I first met David Maxwell at Five Watt Coffee. Dressed in black from head to toe, he immediately caught my attention. I remarked his knee length windbreaker and long pendant necklaces. A wide brimmed fedora hid his face as he worked, and shameless curiosity kept my eyes glued in his direction. I imagined he was an artist—his look felt conscious, intentional.

Today, David and I meet for drinks at Common Roots in Uptown. With Surly Pentagram in hand, we move to the patio and claim seats in the corner, under creeping vines and a grey blue sky. David withstands the strange summer cold in a leather jacket decorated with prominent, gold embellishments. He holds onto his drink as if 50-some degrees doesn't bother him.

David was born in Togo, on the West coast of Africa, and spent his youth moving around France with his family. Although his roots lie overseas, David decided to settle down in Minnesota after he graduated from University of Northwestern in 2014. David explains that he appreciates the youthful, close-knit community he's found in Minneapolis. "People here are inherently nice, and I love the city's sneakerhead and hipster vibe."

David's style is unexpected—it often draws stares. I ask him if he thinks moving around has helped him to define his bold attire. His response: “I have always been a big fan of understanding aesthetics—the way I dress and others dress, interior design…. I’m meticulous about how things on and around me should look.” He runs his hand along the nape of his neck and laughs. He tells me a story of himself as a young boy, sneaking into his father’s closet to layer a silk tie over his white, cotton Hanes. “I knew I looked good.”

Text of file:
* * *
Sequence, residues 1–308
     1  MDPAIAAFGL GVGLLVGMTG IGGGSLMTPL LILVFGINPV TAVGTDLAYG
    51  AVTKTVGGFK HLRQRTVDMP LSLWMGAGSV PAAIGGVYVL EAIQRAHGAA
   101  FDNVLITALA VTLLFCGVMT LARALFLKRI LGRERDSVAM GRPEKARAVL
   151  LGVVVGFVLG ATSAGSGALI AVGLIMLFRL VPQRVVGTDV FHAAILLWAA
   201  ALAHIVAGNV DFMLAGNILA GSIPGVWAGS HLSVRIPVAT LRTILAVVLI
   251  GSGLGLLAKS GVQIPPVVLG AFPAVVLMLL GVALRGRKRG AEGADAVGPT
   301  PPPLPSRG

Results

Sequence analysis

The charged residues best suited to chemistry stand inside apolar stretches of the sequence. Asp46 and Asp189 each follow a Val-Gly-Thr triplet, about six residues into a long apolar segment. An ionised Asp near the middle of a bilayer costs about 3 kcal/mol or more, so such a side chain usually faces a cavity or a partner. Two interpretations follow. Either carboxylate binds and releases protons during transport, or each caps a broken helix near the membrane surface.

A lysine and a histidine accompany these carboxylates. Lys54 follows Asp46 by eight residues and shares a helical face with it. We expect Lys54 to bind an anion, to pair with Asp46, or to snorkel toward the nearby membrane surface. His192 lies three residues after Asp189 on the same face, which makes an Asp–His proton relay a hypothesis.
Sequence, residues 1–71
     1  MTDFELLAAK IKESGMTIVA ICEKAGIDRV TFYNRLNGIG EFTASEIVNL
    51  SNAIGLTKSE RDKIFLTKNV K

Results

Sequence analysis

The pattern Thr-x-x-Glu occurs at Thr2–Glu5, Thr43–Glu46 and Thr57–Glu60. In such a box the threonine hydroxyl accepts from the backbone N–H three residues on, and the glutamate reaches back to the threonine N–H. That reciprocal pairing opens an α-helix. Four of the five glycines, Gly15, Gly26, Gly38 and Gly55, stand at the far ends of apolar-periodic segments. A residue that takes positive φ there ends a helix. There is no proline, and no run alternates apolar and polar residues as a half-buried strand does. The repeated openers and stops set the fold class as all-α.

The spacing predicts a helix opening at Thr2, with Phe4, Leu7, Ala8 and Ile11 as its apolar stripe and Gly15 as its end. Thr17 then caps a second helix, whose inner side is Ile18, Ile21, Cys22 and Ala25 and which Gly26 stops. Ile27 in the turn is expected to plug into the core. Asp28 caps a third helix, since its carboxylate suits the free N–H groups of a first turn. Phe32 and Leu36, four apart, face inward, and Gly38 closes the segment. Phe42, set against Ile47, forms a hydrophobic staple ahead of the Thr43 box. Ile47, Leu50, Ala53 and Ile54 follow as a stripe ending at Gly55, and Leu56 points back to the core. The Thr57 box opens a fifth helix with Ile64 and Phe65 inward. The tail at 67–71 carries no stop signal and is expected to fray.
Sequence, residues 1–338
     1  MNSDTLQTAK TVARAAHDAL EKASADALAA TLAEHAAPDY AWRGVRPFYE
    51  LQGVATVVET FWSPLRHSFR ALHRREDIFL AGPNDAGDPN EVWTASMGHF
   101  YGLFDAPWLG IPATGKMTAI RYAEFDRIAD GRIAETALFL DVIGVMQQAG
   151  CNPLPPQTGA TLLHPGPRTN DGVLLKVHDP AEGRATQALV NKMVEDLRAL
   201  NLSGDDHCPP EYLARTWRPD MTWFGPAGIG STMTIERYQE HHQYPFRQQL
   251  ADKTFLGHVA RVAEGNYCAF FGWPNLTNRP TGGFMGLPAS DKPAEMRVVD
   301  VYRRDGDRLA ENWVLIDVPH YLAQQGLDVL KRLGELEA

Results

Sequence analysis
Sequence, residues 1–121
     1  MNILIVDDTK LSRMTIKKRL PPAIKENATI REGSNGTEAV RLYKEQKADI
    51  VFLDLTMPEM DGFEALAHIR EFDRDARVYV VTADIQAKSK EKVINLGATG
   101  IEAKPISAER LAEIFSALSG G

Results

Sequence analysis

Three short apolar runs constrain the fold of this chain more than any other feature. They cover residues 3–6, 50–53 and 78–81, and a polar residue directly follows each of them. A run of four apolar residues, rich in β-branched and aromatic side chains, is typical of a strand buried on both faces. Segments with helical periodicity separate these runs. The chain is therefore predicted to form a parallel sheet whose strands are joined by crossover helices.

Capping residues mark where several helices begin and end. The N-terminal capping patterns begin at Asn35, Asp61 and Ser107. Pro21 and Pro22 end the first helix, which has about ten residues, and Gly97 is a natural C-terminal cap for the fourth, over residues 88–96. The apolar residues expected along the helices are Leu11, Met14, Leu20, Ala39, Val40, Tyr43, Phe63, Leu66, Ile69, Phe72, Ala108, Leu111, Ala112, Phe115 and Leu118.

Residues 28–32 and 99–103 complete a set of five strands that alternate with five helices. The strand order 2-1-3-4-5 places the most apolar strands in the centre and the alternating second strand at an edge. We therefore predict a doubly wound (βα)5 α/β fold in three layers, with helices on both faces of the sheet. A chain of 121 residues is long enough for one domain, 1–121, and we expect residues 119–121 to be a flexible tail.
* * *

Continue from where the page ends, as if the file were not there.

David admits that his childhood affinity for fashion has grown with each of his moves, and explains that he draws most of his inspiration from Paris streetwear and sophisticated London brands. After reaching into his pocket, David pulls out his phone and enthusiastically sharesseveral looks that he has bookmarked from Kooples and Art Comes First. If he likes a piece, it’s certainly not because it fits within a specific style. His guidelines are as mysterious as he first appeared to me in Five Watt. "If it works, it works."

This summer, David's ready to trade in his monochromatic, Zara-inspired looks for bright prints and training shoes. “My mom came to visit recently and brought fabric from Africa. With it, we designed a couple shirts together. I told her, 'I’ll try out more color.'"

“Daring,” I tease him. I tell David that I believe it’s easy to become attached to a single style of clothing. It seems many people tend to stick with what’s comfortable, with what feels easy and functional. I ask him for his advice for changing things up. His answer? Simplicity. Which fabrics and colors and cuts make you feel most confident?  Don't over think it.

I look forward to seeing David break out mustard yellow New Balance kicks and mom-made button ups this season. You might spot him around town, sipping a beer at LynLake Brewery or shopping at Martin Patrick 3. He's refreshingly unique and hard to miss.

Interview by Emy